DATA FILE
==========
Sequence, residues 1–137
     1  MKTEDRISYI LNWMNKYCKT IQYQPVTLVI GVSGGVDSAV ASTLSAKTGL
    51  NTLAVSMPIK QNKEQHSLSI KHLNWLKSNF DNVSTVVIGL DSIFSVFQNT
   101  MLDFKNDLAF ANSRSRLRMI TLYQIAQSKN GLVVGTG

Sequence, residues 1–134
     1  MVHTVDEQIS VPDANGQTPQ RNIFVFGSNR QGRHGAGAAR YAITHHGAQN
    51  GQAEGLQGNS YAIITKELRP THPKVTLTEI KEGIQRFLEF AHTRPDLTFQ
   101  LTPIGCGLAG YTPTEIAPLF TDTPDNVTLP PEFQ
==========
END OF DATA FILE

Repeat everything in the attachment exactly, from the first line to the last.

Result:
Sequence, residues 1–137
     1  MKTEDRISYI LNWMNKYCKT IQYQPVTLVI GVSGGVDSAV ASTLSAKTGL
    51  NTLAVSMPIK QNKEQHSLSI KHLNWLKSNF DNVSTVVIGL DSIFSVFQNT
   101  MLDFKNDLAF ANSRSRLRMI TLYQIAQSKN GLVVGTG

Sequence, residues 1–134
     1  MVHTVDEQIS VPDANGQTPQ RNIFVFGSNR QGRHGAGAAR YAITHHGAQN
    51  GQAEGLQGNS YAIITKELRP THPKVTLTEI KEGIQRFLEF AHTRPDLTFQ
   101  LTPIGCGLAG YTPTEIAPLF TDTPDNVTLP PEFQ